“Post-Communism in Russia” = Russian fascism
“Scandinavian Third Way” = Scandinavian fascism
“Italian fascism” = Italian fascism
“German fascism” = German fascism
“Spanish fascism” = Spanish fascism
“European corporatism” = European fascism

Are you starting to see a pattern?

College: Investment in the American Dream or an Escape from Reality?

These days it seems college is about everything but higher learning.

Undergraduates enrolled in a Global Politics of Human Rights course at Arizona State University’s Tempe campus, for example, were allowed to stage a protest for their final assignment. “The focus,” according to the initial report by the Arizona Republic, “was opposition to many of President Donald Trump’s policies, with deportations and a call for a new border wall the major focuses.”

The students were “shocked” by what the Republic dubbed in a follow-up story the “social media mob” that ensued. “They didn’t understand why everyone was so angry,” said course instructor Angeles Maldonado.

But ASU is hardly an isolated incident.

50 Years Ago Today: The Detroit Riot and the Decline of Civil Rights Liberalism (I)

Fifty years ago today (July 23, 1967), the largest urban riot of the 1960s rocked Detroit for five days (July 23-28). An encounter with the police (shutting down an illegal after-hours bar), sparked looting and arson on a scale far surpassing the riots that had burned in other American cities. While such riots often started with incidents involving law enforcement, the police were ordered—again and again—to stand down and let a small minority of African Americans loot property of small business owners (both black and white).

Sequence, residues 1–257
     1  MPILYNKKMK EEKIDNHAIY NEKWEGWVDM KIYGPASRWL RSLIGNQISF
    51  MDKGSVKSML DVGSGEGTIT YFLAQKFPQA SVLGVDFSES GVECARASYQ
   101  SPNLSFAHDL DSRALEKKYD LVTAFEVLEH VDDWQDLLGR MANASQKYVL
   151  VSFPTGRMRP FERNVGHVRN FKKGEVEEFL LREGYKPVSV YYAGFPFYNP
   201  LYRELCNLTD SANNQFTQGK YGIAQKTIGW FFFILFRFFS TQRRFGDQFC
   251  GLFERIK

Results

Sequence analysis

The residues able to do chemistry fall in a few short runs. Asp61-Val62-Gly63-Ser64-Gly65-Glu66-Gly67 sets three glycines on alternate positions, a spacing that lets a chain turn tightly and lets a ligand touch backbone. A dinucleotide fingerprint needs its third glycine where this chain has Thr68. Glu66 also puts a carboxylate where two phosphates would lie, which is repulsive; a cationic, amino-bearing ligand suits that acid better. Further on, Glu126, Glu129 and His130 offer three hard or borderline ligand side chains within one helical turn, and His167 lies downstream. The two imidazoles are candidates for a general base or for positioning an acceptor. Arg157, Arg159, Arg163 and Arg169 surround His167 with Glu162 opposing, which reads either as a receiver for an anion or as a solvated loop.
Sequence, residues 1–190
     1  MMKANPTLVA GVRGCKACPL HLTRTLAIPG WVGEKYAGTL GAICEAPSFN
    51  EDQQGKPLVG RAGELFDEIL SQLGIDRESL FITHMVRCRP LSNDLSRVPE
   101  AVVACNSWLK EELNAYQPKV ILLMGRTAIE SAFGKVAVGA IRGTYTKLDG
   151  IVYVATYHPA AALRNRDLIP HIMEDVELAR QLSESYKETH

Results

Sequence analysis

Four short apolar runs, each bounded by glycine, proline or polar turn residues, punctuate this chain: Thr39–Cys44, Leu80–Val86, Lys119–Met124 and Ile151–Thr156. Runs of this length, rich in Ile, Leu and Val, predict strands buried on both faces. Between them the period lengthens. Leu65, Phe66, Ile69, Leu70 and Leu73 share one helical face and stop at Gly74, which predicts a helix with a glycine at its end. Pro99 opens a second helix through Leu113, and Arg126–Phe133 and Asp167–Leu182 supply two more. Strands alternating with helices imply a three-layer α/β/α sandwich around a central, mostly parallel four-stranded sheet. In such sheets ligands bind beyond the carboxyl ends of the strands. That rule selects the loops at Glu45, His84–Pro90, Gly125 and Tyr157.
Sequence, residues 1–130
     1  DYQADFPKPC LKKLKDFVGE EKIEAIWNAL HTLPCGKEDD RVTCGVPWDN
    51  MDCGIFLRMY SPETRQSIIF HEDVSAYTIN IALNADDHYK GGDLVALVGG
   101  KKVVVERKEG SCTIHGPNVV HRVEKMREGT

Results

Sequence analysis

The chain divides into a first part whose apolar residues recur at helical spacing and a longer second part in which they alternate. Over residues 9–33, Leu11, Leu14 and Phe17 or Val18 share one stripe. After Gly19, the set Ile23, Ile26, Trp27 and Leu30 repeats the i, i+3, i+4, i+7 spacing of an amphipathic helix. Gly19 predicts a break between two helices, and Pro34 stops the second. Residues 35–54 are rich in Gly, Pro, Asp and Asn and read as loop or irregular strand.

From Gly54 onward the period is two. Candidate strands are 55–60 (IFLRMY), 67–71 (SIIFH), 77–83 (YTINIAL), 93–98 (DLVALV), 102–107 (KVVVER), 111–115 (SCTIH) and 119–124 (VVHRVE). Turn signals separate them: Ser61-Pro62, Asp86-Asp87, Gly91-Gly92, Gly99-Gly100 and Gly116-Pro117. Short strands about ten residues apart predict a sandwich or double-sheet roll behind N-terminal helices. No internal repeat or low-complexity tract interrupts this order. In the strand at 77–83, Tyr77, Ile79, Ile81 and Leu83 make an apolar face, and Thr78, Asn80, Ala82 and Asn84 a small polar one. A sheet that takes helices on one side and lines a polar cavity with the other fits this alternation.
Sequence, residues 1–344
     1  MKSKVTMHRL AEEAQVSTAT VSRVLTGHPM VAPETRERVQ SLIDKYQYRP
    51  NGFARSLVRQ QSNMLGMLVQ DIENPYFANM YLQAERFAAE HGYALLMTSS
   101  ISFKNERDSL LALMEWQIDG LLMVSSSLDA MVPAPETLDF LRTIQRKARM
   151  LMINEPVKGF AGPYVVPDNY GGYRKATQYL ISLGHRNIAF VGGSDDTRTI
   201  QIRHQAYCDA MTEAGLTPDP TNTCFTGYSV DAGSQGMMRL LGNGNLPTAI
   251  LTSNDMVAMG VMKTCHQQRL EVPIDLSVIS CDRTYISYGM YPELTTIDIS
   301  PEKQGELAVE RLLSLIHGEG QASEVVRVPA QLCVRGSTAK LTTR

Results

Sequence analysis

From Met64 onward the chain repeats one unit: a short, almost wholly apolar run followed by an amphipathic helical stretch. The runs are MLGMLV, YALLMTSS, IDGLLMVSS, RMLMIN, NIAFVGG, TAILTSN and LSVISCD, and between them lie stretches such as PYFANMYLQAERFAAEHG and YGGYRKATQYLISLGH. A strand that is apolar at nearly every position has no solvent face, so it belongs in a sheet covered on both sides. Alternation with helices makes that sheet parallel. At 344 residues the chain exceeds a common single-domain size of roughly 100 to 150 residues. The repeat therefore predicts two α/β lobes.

The Detroit Riot marked a turning point in how American policymakers dealt with race. The classical liberal tradition of civil rights, with its emphasis on rule of law and equal protection (regardless of race) gave way to policies that purposely treated minorities as “protected categories” deserving of treatment not accorded other citizens. This was a crisis response to the riots and also the consequence of a “riot ideology” that condoned lawless mobs—as long as they were black. In short, the things that civil rights activists had long fought against—racial categories in the law, preferential racism (formerly for whites, now for blacks and others), and lawless mobs—were embraced as the means to achieve “social justice.” Ever since, classical liberals have struggled to get us back to the colorblind law and individualism that were at the core of the long civil rights movement. The story of that long civil rights movement is told in my Race and Liberty in America: The Essential Reader (University Press of Kentucky for the Independent Institute, 2009). I deal with Detroit (and other) riots in the article “‘Burn, Baby, Burn’: Small Business in the Urban Riots of the 1960s”, which is a good starting point to understand the competing interpretations of the riots.